Air Conditioner Depreciation

Air Conditioner Depreciation And Rental Unit Owners Concerns

Air Conditioner Depreciation

A recent report concluded that the Phoenix metro area has the 4th highest rental rate in the United States. From apartment complexes to condos or rental single-family homes, more property owners are seeing the value of investing in housing and renting it to occupants.  It’s well understood that one of the biggest advantages of owning a rental property is the tax benefits and deductions available to the owner. However, when you replace or fix a major appliance inside a rental property, a major consideration is the taxes potentially paid or deducted. And when you have to replace the AC system, you might want to consider air conditioner depreciation as a cost effective method to spread your tax savings and investment over a long-term period.

In the information below, we will talk about the depreciation of air conditioning systems and how it impacts those who own rental properties.

What is Air Conditioner Depreciation?

Anytime you replace or repair an item inside a rental unit there are two general financial options to consider:

  • First, if you repair an item like an AC unit, you can deduct the total cost of the repair on that individual year taxes. This is known as a single deduction.
  • Second, according to current IRS tax regulations, if you replace the unit, you have the option to depreciate that cost and spread it out over a period of up to 27.5 years.

If an item within the property is repaired, it restores the property value to status quo (or where it was prior to the item being damaged). It makes sense to assume that when you decide to replace a broken component or major appliance like an AC system, you would increase your property value. Here is a practical example that explains what we’re talking about.

For the sake of argument, let’s assume that you decide to make a repair to your home AC system that costs you a total of $1,000. The licensed HVAC contractor in Scottsdale arrives and makes the repairs, you pay them and everybody is happy. At the end of the year, when you file taxes for that property, you’ll have to deduct that repair cost during that individual year.

Now, let’s assume that the property owner decides to purchase a new, energy efficient AC system and their investment cost is $3,000. This is an example of a depreciative deduction where you would deduct a little more than $100 per year up to the 27-year limit.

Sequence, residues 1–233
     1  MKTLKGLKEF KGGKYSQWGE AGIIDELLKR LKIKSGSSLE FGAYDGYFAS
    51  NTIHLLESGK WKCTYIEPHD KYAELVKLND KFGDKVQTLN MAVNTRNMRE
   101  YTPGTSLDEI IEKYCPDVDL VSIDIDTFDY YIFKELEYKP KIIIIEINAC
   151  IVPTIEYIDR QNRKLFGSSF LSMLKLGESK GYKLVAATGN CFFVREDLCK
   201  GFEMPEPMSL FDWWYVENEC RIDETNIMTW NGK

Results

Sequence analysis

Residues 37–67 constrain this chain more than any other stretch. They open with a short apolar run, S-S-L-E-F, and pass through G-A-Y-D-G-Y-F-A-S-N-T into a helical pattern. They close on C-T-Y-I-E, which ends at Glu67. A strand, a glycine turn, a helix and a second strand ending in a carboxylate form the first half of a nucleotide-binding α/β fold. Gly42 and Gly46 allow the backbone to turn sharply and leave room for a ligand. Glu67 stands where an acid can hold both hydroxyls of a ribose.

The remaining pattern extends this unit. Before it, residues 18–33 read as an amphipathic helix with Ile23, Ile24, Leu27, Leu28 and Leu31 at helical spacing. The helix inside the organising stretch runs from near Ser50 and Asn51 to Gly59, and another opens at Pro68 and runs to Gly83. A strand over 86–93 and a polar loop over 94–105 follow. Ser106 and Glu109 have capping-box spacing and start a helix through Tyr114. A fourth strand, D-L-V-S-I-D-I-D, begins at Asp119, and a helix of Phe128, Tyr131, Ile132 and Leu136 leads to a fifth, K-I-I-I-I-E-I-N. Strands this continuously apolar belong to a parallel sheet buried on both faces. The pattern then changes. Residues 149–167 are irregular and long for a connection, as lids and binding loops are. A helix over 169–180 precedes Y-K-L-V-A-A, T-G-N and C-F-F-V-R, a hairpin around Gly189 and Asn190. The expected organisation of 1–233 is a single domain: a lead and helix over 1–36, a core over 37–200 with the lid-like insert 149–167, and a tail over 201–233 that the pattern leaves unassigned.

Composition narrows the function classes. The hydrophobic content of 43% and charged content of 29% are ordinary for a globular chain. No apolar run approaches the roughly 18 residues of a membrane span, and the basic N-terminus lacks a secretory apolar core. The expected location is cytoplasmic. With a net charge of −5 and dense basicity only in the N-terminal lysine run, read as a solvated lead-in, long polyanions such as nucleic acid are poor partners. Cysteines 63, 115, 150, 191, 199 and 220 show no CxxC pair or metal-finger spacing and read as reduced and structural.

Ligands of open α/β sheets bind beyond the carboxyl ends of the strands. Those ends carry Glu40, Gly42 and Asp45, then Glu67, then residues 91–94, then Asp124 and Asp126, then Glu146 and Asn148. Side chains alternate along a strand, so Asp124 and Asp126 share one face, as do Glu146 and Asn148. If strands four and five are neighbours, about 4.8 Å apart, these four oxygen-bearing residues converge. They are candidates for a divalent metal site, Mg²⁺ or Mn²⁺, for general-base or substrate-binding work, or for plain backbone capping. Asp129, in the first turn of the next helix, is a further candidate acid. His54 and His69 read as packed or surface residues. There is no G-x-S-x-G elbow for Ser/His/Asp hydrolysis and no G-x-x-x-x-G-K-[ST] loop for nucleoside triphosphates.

Of course, you’ll want to consult with your accountant to determine which option is best, and what additional deductions you can make annually. But in general, especially for those planning on owning properties for extended periods of time, upgrading their older system to a new one seems like the smarter investment.

 

How Does the IRS Classify Repairs vs. Improvement?

The IRS tends to make changes to their tax laws and regulations every year; which is a major reason why several home and business owners hire an accountant to keep track of the revolving door in Washington DC. As of January 1st, 2014, the IRS classified a property improvement under three different sections:

  • Betterment of a property
  • Adaptation of the property
  • Restoration of the property

The easiest way to remember this is under the acronym BAR. All three equate to an improvement of the property and qualify the large expense as depreciation – not a deduction.

 

What Is Betterment?

You can create air conditioner depreciation under the betterment classification if:

“The improvement ameliorates a material condition or defect in the property that existed before you acquired the rental property.” This means if you add a new air conditioner that increases the size of the property in some way (this is not typical). However, one that is common is if the addition of the new AC unit creates a material increase, which increases the productivity, quality, capacity or strength of the property.

 

What Are Adaptations?

The adaptation depreciation is commonly used if you’ve completed a room addition or have built onto the space of your property. In this case, when you buy and install an AC system needed to keep that additional space cool, it’s considered depreciation as opposed to a deduction. However, this is very rarely used and should be directed to you by your accountant.

 

What Is Restoration?

This one is pretty simple to consider. If the addition or replacement of the new air conditioner restores the property value, this is when you’d use this classification.

As with any home improvement project, there are different ways for a rental property owner to benefit financially. The best way to stay on top of the always evolving standards set forth by the Internal Revenue Service is to work with a professional accountant. However, an HVAC contractor can help you pick the perfect sized system for any rental property or recent upgrade.

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Contact the AC experts at Scottsdale Air Heating & Cooling to repair your HVAC unit on your rental home. Email us or call 480-359-7141 now!

 

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